In a prime time speech to the nation on Wednesday night, President Obama outlined his administration’s plans to combat the Islamic State (IS), the fundamentalist Sunni jihadist group that has taken over vast swaths of territory in northeast Syria and northwest Iraq.
“So tonight, with a new Iraqi government in place, and following consultations with allies abroad and Congress at home, I can announce that America will lead a broad coalition to roll back this terrorist threat. Our objective is clear: we will degrade, and ultimately destroy, ISIL through a comprehensive and sustained counter-terrorism strategy.”
The United States military has been conducting air strikes on IS, who they consider to be a terrorist organization, for over a month and already have over 1,000 military “advisers” in Iraq. Obama’s new plans will:
- Increase the number of American support troops in Iraq by 475.
- Expand bombing campaigns throughout Iraq and extend them into Syria.
- Increase military funding and humanitarian aid to Iraq, moderate Syrian rebels and the Kurdish region.
- Increase counter-terrorism efforts to stem flow of money and combatants into the region.
Obama acknowledges that IS currently poses no threat to the United States, but claims “if left unchecked, these terrorists could pose a growing threat beyond the [Middle East], including the United States.”
“While we have not yet detected specific plotting against our homeland, [IS] leaders have threatened America and our allies. Our intelligence communities believe that thousands of foreigners, including Europeans and some Americans, have joined them in Syria and Iraq. Trained and battle-hardened, these fighters could try to return to their home countries and carry out deadly attacks.”
“I want the American people to understand how this effort will be different from the wars in Iraq and Afghanistan. It will not involve American combat troops fighting on foreign soil. This counter-terrorism campaign will be waged through a steady, relentless effort to take out ISIL wherever they exist using our air power and our support for partner forces on the ground. This strategy of taking out terrorists who threaten us, while supporting partners on the front lines, is one that we have successfully pursued in Yemen and Somalia for years.”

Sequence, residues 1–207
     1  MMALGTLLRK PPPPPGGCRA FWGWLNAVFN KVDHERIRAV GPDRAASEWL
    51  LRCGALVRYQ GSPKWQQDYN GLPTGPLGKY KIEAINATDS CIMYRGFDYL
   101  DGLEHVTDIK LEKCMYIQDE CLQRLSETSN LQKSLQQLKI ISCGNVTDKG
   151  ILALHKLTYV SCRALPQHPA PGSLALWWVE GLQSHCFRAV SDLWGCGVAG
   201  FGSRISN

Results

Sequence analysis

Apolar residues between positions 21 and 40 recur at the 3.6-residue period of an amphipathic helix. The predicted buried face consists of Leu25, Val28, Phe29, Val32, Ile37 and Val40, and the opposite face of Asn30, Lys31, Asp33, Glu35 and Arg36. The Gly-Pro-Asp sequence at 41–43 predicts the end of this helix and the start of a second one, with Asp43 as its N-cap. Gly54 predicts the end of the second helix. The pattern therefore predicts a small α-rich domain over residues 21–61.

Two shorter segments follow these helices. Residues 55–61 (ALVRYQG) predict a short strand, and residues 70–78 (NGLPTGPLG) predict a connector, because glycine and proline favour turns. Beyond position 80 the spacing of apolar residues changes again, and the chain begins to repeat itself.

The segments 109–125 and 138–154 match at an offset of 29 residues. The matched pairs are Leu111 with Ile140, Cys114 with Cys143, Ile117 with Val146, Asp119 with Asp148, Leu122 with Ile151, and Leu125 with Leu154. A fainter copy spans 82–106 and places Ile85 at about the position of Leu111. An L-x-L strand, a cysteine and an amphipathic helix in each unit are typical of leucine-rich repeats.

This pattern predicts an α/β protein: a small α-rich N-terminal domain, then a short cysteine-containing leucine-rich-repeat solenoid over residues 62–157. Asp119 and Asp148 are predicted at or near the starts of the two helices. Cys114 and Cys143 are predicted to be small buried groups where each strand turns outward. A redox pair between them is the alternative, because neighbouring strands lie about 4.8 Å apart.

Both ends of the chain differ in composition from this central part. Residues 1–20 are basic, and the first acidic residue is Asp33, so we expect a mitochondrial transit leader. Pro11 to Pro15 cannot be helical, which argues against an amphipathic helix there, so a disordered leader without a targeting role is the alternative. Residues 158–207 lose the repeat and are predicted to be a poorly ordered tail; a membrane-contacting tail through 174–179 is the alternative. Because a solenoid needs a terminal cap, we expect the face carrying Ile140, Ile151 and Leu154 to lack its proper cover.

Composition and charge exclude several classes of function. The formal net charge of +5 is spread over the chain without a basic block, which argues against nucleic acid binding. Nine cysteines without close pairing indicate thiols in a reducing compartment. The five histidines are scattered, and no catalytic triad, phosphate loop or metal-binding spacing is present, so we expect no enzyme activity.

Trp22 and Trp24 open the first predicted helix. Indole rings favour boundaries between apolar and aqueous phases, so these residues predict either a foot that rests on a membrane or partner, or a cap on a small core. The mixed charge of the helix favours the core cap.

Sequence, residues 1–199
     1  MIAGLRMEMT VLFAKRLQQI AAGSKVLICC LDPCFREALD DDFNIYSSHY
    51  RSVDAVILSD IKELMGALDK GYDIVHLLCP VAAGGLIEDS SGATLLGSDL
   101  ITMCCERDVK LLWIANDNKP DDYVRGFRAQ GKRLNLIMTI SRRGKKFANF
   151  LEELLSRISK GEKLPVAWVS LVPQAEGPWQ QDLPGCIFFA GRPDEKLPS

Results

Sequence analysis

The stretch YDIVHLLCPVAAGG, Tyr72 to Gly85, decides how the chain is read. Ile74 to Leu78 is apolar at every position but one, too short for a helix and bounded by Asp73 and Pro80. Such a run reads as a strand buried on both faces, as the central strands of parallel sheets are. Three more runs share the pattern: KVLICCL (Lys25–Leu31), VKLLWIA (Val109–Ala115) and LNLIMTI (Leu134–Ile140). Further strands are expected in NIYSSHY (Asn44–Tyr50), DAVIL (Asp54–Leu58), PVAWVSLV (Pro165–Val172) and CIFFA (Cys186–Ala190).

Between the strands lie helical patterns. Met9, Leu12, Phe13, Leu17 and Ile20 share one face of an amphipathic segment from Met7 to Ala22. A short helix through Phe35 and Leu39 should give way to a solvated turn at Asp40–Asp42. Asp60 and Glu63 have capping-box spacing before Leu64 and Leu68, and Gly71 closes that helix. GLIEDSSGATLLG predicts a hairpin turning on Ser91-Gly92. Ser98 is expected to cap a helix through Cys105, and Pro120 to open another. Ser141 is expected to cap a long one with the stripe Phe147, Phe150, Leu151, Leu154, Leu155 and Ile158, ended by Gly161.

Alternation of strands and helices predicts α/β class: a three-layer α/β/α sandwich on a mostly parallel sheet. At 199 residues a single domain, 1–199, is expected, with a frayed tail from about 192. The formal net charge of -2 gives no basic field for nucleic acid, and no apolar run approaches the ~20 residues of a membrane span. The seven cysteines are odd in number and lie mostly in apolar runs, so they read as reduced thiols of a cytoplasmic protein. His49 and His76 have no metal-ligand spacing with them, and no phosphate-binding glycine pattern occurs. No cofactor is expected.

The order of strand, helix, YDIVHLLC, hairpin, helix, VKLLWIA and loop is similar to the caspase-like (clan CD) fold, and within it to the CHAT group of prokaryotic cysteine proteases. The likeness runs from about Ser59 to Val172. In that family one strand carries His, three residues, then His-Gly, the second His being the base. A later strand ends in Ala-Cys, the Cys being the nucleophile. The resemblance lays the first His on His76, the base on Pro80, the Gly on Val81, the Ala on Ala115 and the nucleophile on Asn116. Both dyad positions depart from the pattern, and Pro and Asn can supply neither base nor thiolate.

The administration contends, as they did last year, that the President has the authority to act on his own, but they will seek congressional approval anyway. Calls for intervention in the region have largely received bipartisan support.
While Obama went out of his way to differentiate his plans for attacking IS from previous conflicts, some anti-war groups don’t see the difference.
In a statement of opposition released in anticipation of the speech, the ANSWER Coalition – one of the nation’s largest anti-war groups, contends that further American intervention “will not liberate the people of either country but will lead to more destruction.”
“The U.S. military defeat of the secular Iraqi and Libyan governments (in 2003 and 2011) and its policy of fueling armed civil war against the secular, nationalist government in Syria are the fundamental reasons the so-called Islamic State has grown and become strong.
This Administration and the previous three administrations have each waged war or conducted a bombing campaign in Iraq under a shifting set of public rationales. Each was carried out under the supposed imperative need to protect ‘U.S. interests’ and each was conducted using noble, humanitarian or anti-terrorist slogans.”
Obama, however, believes United States leadership against IS is essential:
“Abroad, American leadership is the one constant in an uncertain world. It is America that has the capacity and the will to mobilize the world against terrorists. It is America that has rallied the world against Russian aggression. And it is America that is helping Muslim communities around the world not just in the fight against terrorism, but in the fight for opportunity, tolerance, and a more hopeful future.”
In contrast, Brian Becker, National Coordinator of the ANSWER Coalition, says, “The United States is a major part of the problem and cannot be the solution to the current crisis in Iraq,”
“The U.S. military cannot solve, but only exacerbate, the current crisis in Iraq and Syria. In fact, the U.S. government, the CIA and the Pentagon are responsible for the disintegration of Iraq and Syria and the consequent rise of the Islamic State and other equally reactionary, sectarian forces in Iraq’s central government and elsewhere in these countries.
The so-called Islamic State did not exist a decade ago. Its [very existense and strength] is a direct consequence of U.S. policies and actions in Iraq.”
Richard Engel of NBC News also criticized Obama’s plan as “wildly off-base.” From Mediaite:
“I think it’s an oversimplification of the problem.” He said unlike in Yemen or Somalia, ISIS controls “an area the size of Maryland” and it’s not comparable.
In addition, Engel said that there are Sunni villages that are just “afraid of the Iraqi army” and so the reality is, “that partner on the ground, in many ways, is a reason that people support ISIS in this country.”